While in self isolation I decided to clean Flingy (the car). Here’s a little blog on what I used and my thoughts on the best way to clean a car.
I’m a regular guy and no professional, the process I follow is from my own experience.
Preparation is key..
Before starting to clean its important to check you have everything you need and that your cloths etc are all clean and grit free. This will save you a trip to Halfords mid way through the car wash, and it will ensure you are not going to cause any damage to the car.
I ensure that the buckets I use have a grit guard. This stops the sponges hitting the bottom of the bucket and picking up any of the larger dirt and grit particles washed off the vehicle.
Its important to give the vehicle a pre-wash before the main wash. This will remove the larger dirt particles and soften the rest of the grime.
One way of pre-washing is to use a power washer fitted with a Snow Foam lance. This will cover the vehicle with a thick snow like foam that loosens surface dirt and is simply washed off with the power washer after a few minutes.
For this wash I opted for a simpler option, a bucket of cold water and two microfibre sponges. These types of sponge are kind to the paintwork and trap the dirt to help prevent scratches.
As I am using only cold water with no cleaning solution at this stage, I want to ensure that I cause no damage to the paint by dragging around large bits of loose dirt.
I do this by using one sponge (Blue one) for the lower parts of the car (where the large particles of dirt build up) and the 2nd sponge (green one) is used for the rest of the car that is not as dirty.
No car shampoo is being used at this stage so its important to remember not to press hard on the sponges as you move around the vehicle, and remember to rinse the sponges regularly. The job at this stage is to loosen the grime and not attempt to remove it. The car may actually look worse once the pre wash is complete
Once the pre-wash is done I move onto the main wash. I use two buckets for this. One with the cleaning solution and one with plain water. The trick here is to clean the car and minimise any chance of scratching the paint in the processes. Again I use the two sponges so that one is used for the bottom of the car the other for the rest of it. Once used the sponge is rinsed in the plain water bucket and returned back to the suds to continue the wash process.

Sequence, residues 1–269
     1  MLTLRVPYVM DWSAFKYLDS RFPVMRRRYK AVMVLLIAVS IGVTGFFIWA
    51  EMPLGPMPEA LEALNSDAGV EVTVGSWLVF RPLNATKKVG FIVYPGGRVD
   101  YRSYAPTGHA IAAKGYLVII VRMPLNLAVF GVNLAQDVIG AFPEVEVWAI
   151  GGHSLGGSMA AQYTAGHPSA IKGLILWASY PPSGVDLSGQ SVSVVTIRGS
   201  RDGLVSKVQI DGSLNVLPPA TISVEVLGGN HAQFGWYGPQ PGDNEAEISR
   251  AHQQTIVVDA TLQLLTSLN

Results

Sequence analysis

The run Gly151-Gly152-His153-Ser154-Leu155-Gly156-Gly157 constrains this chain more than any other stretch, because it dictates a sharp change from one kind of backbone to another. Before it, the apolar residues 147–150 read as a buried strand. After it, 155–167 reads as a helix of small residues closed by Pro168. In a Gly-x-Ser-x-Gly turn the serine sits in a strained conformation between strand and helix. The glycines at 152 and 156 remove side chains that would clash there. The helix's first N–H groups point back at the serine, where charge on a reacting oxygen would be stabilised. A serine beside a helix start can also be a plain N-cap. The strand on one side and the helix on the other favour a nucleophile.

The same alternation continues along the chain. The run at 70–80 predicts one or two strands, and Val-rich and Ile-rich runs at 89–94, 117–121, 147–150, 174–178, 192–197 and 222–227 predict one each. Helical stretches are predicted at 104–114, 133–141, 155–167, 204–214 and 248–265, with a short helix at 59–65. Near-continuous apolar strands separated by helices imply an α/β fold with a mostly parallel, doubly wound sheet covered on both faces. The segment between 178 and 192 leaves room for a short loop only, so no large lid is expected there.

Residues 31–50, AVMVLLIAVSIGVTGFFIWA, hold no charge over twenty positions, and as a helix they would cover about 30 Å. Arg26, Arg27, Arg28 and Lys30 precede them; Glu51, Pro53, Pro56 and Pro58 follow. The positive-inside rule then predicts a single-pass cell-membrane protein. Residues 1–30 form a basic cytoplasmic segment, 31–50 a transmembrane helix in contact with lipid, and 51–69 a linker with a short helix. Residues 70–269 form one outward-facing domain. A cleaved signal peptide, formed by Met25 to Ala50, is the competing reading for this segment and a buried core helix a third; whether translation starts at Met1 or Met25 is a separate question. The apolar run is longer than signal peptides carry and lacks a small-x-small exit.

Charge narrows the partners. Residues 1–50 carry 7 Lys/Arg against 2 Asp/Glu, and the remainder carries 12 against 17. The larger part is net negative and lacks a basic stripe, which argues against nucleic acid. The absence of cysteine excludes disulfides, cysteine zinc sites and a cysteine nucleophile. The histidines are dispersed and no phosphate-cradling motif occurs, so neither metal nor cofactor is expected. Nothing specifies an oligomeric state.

Now for the science bit. When removing dirt or grime from the vehicle I find it is best to use shampoo that is PH Neutral. Not only does this type of shampoo attract dirt more easily, it also means that your vehicle is chemically protected and the shampoo won’t degrade the paint or any waxes or sealants, so the car will stay protected after a wash.
The shampoo I use is Meguires NXT. Its a little expensive but lasts ages.
Meguires describe it as:
‘ a completely synthetic car wash concentrate that loosens and emulsifies even the toughest dirt and road grime while synthetic lubricating oils glide them off of the surface without marring the finish. Engineered water softeners help reduce deposits in hard water, leaving behind a spot-free finish.’
I find that Meguires NXT or the Meguires Gold class are the best car shampoos I have used. They remove dirt easily and leave the car with a great shine and they also have a pleasant smell. Some of the cheaper car shampoos can leave a chemical smell. The formula is really strong so you only need a drop of solution. If you use too much solution the car can dry a bit streaky. If this happens, it can easily resolved with a rinse of cold water.
When drying the vehicle its important to consider the risk of scratching the paint and causing swirl marks. Therefore the drying technique is important.
Experience tells me to avoid products like chamois leathers both real or artificial and cheap microfibre towels.
I find that Chamois tend to be oily can be really stiff until they become damp, and cheap microfibre towels leave moisture on the vehicle that can also dry streaky. These types of products also have to be dragged around the car in a cleaning type motion in order to maximise drying. This introduces the risk of damaging the paints top coat introducing more swirl marks and are best avoided.
I tend to favour ‘Drying Towels’. These are specially designed towels that are simply placed on the vehicle and left to absorb any water on the car. They are then picked up and then placed down on the next spot. The process is then repeated across the whole vehicle. This is the best way to prevent any remaining dirt particles to be dragged around the car whilst drying.
I use several drying towels, the best one being from a company called Auto Finesse. It’s a dual layer towel with an inner absorbent core and a feel of thick carpet due to its 1200g/m deep pile. I find it absorbs all surface water really well.